Daily Independent (Ashland, KY)

April 11, 2014

Lunar eclipse Tuesday

Staff report
The Independent

PRESTONSBURG — The East Kentucky Science Center and Planetarium, in conjunction with Big Sandy Community and Technical College Physics/Astronomy instructor Garrison Turner, will host a lunar eclipse observing from 1:30 to 5:30 a.m. on Tuesday.

 Located on the Prestonsburg campus of BSCTC, the Science Center will have telescopes set up for observation and have short programs about the night sky and eclipses in the planetarium. An added attraction will be the planet Mars sitting next to the moon during the eclipse.

The moon will be eclipsed by Earth's shadow. This total lunar eclipse will be visible across the Western Hemisphere. The total phase will last 78 minutes, beginning at 3:06 a.m. EDT and ending at 4:24 a.m.

The moon will be rising in the western Pacific, and so only the last half of the eclipse will be visible there. In much of Europe and Africa, the moon will be setting, so there won't be much, if anything, to see.

Even though the moon is in the Earth’s shadow, it should appear a bit colorful, some shade of red or orange. That’s from light around the edges of the Earth — essentially sunrises and sunsets — splashing on the lunar surface and faintly lighting up the moon, said Alan MacRobert, senior editor at Sky & Telescope magazine.

In all, four eclipses will occur this year, two lunar and two solar.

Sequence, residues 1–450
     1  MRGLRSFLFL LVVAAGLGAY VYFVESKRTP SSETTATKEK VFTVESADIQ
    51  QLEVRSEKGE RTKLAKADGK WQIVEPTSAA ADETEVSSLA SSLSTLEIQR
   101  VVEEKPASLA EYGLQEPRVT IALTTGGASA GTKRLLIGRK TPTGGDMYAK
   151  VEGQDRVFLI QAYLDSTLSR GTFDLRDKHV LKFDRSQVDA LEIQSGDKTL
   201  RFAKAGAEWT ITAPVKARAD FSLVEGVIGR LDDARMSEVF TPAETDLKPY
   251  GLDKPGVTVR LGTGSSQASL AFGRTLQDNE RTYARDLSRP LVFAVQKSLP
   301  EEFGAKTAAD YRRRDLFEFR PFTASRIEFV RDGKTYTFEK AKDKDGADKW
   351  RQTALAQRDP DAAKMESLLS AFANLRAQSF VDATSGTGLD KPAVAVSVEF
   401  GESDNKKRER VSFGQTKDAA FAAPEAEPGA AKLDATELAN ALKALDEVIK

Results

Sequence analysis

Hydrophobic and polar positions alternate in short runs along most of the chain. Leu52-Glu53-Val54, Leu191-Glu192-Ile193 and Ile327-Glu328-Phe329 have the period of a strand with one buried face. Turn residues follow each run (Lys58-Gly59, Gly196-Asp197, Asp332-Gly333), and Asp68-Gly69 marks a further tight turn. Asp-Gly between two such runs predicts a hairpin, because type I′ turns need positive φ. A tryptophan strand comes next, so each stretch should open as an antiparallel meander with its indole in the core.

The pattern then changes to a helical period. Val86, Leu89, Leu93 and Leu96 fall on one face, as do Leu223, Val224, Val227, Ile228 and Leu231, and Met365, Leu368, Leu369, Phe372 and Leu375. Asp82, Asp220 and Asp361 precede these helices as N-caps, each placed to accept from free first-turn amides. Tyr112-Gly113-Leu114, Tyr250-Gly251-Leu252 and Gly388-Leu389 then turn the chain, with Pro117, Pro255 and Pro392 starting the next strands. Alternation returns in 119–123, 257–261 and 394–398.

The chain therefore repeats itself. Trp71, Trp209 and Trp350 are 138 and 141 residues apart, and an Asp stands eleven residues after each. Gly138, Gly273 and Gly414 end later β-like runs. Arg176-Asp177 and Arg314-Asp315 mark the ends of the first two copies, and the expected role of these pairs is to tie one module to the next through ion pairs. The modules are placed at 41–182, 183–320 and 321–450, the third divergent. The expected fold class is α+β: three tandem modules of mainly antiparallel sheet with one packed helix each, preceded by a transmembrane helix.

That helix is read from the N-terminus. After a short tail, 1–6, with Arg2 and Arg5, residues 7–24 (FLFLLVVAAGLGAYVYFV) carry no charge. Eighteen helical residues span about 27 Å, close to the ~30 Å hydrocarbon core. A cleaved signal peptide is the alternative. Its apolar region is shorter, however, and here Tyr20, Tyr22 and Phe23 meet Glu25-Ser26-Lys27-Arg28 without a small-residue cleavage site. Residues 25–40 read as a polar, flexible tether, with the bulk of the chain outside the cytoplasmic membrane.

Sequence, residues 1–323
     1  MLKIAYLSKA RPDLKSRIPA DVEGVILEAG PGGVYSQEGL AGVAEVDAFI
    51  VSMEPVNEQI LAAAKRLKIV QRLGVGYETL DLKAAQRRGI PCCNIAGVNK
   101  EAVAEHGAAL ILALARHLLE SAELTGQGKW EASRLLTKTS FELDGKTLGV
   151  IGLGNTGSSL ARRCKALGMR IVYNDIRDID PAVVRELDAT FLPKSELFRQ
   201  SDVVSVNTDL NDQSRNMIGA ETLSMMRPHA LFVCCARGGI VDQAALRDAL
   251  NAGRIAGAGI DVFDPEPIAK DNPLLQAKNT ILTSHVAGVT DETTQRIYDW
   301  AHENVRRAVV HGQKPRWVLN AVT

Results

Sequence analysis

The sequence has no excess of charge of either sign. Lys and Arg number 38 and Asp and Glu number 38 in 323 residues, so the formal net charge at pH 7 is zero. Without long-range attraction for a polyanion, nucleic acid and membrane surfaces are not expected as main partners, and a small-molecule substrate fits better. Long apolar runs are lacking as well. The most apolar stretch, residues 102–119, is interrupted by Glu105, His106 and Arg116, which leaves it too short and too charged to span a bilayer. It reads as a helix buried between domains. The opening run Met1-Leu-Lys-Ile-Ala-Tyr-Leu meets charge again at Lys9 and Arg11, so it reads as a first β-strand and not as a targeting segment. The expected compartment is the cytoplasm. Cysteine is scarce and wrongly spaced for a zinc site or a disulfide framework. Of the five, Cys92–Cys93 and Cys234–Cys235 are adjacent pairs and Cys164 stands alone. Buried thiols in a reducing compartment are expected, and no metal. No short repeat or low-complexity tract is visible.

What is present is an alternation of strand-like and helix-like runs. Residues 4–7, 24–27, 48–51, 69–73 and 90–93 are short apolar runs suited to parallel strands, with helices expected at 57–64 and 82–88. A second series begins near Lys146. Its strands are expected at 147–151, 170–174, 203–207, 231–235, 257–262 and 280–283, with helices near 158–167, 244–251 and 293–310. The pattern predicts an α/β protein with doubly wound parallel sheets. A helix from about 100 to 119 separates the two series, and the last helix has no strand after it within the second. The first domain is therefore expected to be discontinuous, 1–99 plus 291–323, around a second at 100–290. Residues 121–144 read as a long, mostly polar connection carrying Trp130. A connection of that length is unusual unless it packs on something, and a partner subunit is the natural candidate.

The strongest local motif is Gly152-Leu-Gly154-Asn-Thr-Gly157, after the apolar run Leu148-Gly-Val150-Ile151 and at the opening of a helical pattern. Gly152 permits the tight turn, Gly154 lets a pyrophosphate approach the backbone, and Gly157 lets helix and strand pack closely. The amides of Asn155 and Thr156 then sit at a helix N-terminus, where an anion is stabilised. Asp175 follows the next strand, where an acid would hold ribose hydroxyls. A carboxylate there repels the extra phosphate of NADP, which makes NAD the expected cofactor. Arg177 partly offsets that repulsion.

Tuesday’s lunar eclipse may damage a NASA spacecraft that's been circling the moon since fall. But no worries: it’s near the end of its mission.

The robotic orbiter LADEE was never designed to endure a lengthy eclipse. Scientists don't know if it will withstand the prolonged cold of the hours-long eclipse.

Even if it freezes up, LADEE will crash into the far side of the moon the following week as planned, after successfully completing its science mission.

In an online contest, NASA is asking the public to guess the impact time. Scientists expect LADEE’s doomsday to occur on or before April 21.

LADEE stands for Lunar Atmosphere and Dust Environment Explorer. The science-collecting portion of the mission went into overtime at the beginning of March.

The eclipse of the moon can only take place during a full moon, and if the moon passes through some portion of the earth’s shadow.  The shadow is actually composed of two cone-shaped parts, one nested inside the other. The outer shadow, or penumbra, is a zone where Earth blocks some (but not all) of the sun’s rays. In contrast, the inner shadow or umbra is a region where Earth blocks all direct sunlight from reaching the moon.

 The event in Prestonsburg is free and weather permitting. For more information, contact Steve Russo at (606) 889-4809 or email srusso0002@kctcs.edu.